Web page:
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Rick and Morty – Morty’s Mind Blowers Review

"Reality's a lie!"

Instead of “Interdimensional Cable” Rick and Morty is offering us something different and so much better with “Morty’s Mind Blowers.”

After an adventure which leads to Morty being traumatized more the usual, he asks Rick if it would be possible to erase his memory. It turns out this isn’t the first time that Morty has made this request. Rick takes Morty to a chamber which stores tubes that contain Morty’s memories and Rick uses them to blow Morty’s mind.


Rick describes the “Morty’s Mind Blowers” as a clip show based on clips you haven’t seen before and it is really a collection of sketches that are loosely connected by that framing device. It has even less story than the “Interdimensional Cable” episodes, but the skits in “Morty’s Mind Blowers” are much funnier.

The novelist/video game critic Ben “Yahtzee” Croshaw argues that creativity works when there are enforced limitations, and that is true for Rick and Morty. Rick and Morty has a wide scope because of its multiverse setting, but there is still a heart at the center of the series because its adventures center around the two main characters, operating within a clear set of rules. Without these rules, like in the “Interdimensional Cable” episodes, then half of the episode is just made out unfocused skits on TV (that seems like a first draft) as Rick and Morty comment on them. In this episode, the memories were forced to be mini-stories and it was all the better for it.


The memories are consistently funny and offer a mix of Rick and Morty‘s style of humor: surrealism, existentialism, movie parodies, and Rick’s willingness to do anything to save his own skin. The memories are split into three categories: horrible mistakes Morty wants to forget, Morty discovering when his family sucks, and embarrassing Rick moments. Some personal favorites were when Morty finds out who really runs the world (a joke that I like to think is a reference to American Dad) and when Rick and Morty are trapped in an alien collection which leads to a quick retelling of the 1997 sci-fi film Contact. Both have dark yet hilarious outcomes. The episode has even more existential humor than usual, starting with Morty having all the knowledge of the universe in his head, an alien questioning his race’s version of the afterlife, and Morty experiencing true level.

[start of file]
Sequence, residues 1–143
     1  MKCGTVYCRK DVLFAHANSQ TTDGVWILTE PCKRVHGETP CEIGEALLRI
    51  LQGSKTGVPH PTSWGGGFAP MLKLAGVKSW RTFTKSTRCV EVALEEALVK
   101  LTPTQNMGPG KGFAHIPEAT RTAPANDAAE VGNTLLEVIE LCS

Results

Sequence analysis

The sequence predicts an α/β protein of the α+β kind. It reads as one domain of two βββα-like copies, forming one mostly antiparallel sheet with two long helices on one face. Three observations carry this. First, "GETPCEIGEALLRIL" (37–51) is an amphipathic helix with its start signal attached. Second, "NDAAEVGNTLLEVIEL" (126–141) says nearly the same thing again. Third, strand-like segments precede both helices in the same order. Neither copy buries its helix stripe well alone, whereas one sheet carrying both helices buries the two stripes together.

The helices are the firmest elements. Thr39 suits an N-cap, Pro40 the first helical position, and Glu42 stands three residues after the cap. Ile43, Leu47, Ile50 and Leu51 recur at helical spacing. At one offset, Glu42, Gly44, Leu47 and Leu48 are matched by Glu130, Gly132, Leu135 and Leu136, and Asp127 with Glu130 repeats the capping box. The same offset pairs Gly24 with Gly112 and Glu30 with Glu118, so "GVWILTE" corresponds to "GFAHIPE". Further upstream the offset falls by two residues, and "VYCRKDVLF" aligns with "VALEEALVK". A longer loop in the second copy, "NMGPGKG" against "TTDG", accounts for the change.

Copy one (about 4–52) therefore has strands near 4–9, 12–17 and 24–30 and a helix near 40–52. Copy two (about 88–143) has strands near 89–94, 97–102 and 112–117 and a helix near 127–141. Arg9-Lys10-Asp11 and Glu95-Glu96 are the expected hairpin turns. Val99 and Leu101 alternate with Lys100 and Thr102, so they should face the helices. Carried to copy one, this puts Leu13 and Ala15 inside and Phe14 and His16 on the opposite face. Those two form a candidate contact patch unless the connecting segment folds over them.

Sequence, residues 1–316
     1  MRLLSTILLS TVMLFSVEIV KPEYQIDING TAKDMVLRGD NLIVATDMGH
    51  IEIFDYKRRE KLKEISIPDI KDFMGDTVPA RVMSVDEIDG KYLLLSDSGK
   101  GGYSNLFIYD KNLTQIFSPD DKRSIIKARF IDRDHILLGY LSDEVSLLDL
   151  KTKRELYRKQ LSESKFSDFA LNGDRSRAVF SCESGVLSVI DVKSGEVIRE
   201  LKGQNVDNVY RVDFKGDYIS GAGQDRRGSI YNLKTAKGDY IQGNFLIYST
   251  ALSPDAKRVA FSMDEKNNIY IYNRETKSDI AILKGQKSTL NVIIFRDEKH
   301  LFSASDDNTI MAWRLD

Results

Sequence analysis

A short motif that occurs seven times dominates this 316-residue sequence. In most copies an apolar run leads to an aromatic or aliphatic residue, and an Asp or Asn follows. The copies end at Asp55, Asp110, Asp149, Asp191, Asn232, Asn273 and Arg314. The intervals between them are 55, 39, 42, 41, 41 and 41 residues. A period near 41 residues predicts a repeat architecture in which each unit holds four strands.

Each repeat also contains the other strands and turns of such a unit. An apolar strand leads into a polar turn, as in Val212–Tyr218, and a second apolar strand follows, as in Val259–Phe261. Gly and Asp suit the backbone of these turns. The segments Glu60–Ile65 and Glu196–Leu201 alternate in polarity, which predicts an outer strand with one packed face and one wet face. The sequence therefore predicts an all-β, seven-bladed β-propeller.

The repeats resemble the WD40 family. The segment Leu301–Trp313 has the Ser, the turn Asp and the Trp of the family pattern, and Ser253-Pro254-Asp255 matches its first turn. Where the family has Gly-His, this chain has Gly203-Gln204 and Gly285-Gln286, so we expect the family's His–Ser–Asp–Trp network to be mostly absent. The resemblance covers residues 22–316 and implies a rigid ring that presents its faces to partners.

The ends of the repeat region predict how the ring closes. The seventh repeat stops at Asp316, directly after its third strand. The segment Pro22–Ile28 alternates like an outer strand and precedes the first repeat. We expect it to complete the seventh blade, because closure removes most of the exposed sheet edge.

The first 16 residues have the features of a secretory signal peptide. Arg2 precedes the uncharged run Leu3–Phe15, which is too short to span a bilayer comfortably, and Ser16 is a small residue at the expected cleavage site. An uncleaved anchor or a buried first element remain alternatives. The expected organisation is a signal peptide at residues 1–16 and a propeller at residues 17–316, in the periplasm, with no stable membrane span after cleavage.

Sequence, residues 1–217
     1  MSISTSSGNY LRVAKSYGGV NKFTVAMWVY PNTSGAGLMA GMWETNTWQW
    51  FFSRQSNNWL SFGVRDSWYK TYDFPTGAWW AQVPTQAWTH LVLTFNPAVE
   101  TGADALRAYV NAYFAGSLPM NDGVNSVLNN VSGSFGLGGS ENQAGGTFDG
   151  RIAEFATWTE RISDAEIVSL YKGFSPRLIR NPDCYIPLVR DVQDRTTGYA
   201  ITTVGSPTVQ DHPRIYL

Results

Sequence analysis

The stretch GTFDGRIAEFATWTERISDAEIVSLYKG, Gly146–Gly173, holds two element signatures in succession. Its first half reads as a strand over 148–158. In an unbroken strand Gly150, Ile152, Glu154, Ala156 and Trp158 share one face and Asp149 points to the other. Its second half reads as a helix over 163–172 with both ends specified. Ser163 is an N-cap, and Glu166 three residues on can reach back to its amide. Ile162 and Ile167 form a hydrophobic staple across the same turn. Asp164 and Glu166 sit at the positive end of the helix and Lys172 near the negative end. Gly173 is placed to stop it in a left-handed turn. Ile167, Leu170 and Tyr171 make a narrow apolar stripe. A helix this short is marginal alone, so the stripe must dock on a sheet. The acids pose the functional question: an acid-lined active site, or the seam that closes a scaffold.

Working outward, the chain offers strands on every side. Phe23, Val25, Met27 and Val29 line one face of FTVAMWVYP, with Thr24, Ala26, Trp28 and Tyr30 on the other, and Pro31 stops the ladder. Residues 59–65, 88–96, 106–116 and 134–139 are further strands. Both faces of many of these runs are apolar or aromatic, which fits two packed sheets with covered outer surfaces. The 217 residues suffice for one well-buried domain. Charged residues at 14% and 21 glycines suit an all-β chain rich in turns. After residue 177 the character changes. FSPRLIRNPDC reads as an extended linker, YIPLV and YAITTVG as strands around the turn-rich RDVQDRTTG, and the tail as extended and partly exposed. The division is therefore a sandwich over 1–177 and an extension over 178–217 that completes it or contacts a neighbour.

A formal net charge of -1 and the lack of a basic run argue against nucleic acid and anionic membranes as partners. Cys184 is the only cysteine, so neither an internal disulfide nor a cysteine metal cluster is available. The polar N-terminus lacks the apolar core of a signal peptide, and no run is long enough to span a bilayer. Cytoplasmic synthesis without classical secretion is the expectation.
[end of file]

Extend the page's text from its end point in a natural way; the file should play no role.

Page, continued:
The episode even satirizes Rick and Morty‘s own use of emotional moments when, in one of Morty’s memories, his family has to save the teenager from an alien parasite. It starts off with sentimental music before turning into a  big joke. It’s what Rick and Morty does: it subverts itself as well as the sci-fi genre as a whole.


“Morty’s Mind Blowers” also offers a number of callbacks to previous episodes. The Meeseeks, the female Gazorpazorps, Mr. Poopy Butthole and Snuffles (AKA Snowball) all make an appearance and the ending of the Squirrel story is a reference to “Rick Potion #9.” When Morty puts on the helmet that allows him to see his memory, his pupils roll up into his skull and it causes Morty to challenge his own existence just he did in “Mortynight Run” after he played “Roy: A Life Well Lived.” Even when Rick accidentally destroys some of Morty’s memories and states the need to label the memory tubes better, it seems like a reference to when Rick and Morty crossed over with The Simpsons during a couch gag where Rick cleans his test tubes with saliva. From a structural point-of-view “Morty’s Mind Blowers” is similar to “Total Rickall” because of all flashbacks, particularly when the Smith discovers their real memories and see that they as dysfunctional as any other animated family.

The episode adds evidence to the fan theory that Rick knows he’s a cartoon character. He breaks the fourth wall a few times and says he had to edit some of the memories to help them as a narrative. However, this is Rick and Morty so the writers will most likely disprove this theory in the near future just to troll the fans.


On a final note, one of the shorts introduces the character of Beebo. He only appears in the episode for 30 seconds but he is unbelievably cute and it would be easy to picture stuff toy versions of him being sold.

In the grand scheme of Rick and Morty‘s canon “Morty’s Mind Blowers” is a non-consequential entry, yet it doesn’t stop it from being a funny collection of shorts. If there is a “Morty’s Mind Blowers II,” it needs to match the quality of the original.

Rating
8.4
Pros
  • The memories are mini-stories
  • Lots of existential humor
  • Dark and funny
Cons
  • The framing story is thin
  • Doesn't add anything new to the series

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